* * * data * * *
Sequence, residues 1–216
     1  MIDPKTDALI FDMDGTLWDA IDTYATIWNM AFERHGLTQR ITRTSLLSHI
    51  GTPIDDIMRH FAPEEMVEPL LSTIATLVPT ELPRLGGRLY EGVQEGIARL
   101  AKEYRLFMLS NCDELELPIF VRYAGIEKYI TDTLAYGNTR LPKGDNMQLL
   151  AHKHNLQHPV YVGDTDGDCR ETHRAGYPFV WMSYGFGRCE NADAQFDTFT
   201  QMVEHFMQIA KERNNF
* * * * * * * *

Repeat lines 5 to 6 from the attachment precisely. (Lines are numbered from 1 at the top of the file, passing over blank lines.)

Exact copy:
   151  AHKHNLQHPV YVGDTDGDCR ETHRAGYPFV WMSYGFGRCE NADAQFDTFT
   201  QMVEHFMQIA KERNNF